Credit debt hits record high
Recently released figures from the Bank of England (BoE) show that credit card lending rose by £571m in November. Unsecured debt – in other words, debt which doesn't have a specific asset like a house that can be taken in place of payment – is also rising at the fastest level for the last 11 years. But what does this mean for the average household?
The Office for Budget Responsibility has already increased predictions for household borrowing in 2016 from £41bn to £58bn. As a result, BoE Governor Mark Carney has said the Bank must “remain vigilant" around the situation.
Nonetheless, the BoE Stability Report shows that the ratio of household debt to income was still below financial crisis levels in the second quarter of 2016. Commentators also believe that most borrowers are simply taking advantage of low interest rates and the improving economy, and that we’re not returning to the unsustainable lending that led to the recession.
Much of the concern is less about borrowing habits and more about uncertainty over how the UK economy will perform over the next few years. The BoE report notes that UK financial stability “remains challenging” after the Brexit vote and that the economy is still vulnerable to slowing growth in China and the eurozone.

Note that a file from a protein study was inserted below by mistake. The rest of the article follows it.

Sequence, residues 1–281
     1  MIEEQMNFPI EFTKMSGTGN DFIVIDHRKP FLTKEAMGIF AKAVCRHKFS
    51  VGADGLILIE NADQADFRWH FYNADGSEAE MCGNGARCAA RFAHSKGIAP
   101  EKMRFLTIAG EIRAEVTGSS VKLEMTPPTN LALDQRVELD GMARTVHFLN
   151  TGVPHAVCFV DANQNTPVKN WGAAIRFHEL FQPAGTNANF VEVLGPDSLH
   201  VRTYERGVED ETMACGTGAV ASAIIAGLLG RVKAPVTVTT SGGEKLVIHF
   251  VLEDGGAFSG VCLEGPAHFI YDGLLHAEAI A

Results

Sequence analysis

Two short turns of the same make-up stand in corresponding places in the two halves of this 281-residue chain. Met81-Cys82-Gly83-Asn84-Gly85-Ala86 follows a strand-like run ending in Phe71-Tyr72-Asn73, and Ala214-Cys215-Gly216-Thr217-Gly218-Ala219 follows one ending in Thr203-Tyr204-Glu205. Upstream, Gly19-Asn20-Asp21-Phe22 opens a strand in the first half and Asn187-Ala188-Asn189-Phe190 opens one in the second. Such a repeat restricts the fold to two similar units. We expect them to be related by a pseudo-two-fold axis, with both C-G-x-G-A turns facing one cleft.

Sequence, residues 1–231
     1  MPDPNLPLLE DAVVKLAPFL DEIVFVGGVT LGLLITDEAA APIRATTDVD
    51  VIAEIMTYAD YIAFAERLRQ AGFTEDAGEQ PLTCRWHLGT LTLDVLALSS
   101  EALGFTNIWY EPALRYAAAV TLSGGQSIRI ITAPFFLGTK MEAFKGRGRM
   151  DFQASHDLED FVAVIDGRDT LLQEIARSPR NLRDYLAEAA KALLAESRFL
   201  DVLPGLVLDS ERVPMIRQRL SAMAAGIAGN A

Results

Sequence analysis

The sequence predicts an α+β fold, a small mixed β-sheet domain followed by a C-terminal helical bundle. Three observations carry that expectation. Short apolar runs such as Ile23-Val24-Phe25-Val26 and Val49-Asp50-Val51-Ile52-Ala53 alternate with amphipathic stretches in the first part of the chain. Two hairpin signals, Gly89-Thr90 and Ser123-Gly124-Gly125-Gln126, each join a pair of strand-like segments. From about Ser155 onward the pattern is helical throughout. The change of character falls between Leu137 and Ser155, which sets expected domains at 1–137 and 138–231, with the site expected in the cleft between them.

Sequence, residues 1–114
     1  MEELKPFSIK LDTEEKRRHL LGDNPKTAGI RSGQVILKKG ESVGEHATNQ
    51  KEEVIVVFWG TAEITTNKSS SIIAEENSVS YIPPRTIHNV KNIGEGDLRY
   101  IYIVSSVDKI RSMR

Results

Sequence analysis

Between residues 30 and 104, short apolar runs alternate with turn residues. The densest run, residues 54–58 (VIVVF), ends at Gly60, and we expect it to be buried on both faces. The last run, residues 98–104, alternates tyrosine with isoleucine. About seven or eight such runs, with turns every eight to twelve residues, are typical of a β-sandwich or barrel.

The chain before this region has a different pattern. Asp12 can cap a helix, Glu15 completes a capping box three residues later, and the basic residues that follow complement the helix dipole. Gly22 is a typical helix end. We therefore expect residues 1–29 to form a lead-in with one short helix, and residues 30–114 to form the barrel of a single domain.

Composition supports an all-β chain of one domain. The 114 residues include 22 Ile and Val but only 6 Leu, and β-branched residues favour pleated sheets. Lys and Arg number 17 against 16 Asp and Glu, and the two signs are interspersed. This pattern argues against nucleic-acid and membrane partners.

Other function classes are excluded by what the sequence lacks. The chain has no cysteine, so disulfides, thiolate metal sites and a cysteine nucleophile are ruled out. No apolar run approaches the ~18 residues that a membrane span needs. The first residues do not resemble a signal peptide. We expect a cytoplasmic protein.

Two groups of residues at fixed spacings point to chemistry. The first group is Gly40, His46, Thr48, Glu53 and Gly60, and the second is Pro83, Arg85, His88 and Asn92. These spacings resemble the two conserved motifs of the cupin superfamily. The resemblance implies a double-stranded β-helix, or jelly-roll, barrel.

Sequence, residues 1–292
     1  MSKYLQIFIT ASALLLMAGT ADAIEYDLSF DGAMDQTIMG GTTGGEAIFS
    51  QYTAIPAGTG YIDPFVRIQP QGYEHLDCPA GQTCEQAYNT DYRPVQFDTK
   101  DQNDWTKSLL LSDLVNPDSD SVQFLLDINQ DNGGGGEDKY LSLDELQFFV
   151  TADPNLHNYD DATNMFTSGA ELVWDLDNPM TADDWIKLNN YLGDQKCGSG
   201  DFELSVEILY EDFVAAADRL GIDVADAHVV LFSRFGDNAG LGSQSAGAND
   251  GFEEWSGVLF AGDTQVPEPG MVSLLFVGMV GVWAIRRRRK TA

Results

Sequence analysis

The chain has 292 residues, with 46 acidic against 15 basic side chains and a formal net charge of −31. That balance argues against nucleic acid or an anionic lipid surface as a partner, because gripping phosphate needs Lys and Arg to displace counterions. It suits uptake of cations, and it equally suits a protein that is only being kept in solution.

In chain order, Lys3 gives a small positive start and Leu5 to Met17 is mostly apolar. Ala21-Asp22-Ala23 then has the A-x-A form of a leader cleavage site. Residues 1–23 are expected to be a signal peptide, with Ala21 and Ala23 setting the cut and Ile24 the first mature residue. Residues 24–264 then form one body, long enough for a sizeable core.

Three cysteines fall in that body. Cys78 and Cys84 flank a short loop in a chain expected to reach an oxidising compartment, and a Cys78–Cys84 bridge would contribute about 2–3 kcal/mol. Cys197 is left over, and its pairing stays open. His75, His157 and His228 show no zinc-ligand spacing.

Carney has previously warned that a fall in the economic situation could lead the Bank to increase interest rates, which would increase the price of debt. There’s also the risk of a rise in unemployment, which could knock some households further into 'high debt servicing ratios', meaning that they're struggling to repay debts.
Playing it safe
So while borrowers may not be falling back into old habits, we are in a time when it’s sensible to be careful with money management. The Bank of England is keen to keep ensuring banks carry out affordability checks under new mortgage regulations; people with rising debt levels might also consider doing early affordability tests of their own.
If you are finding it difficult to keep your finances healthy, contact Dukes Bailiffs for support and advice on avoiding or getting out of debt.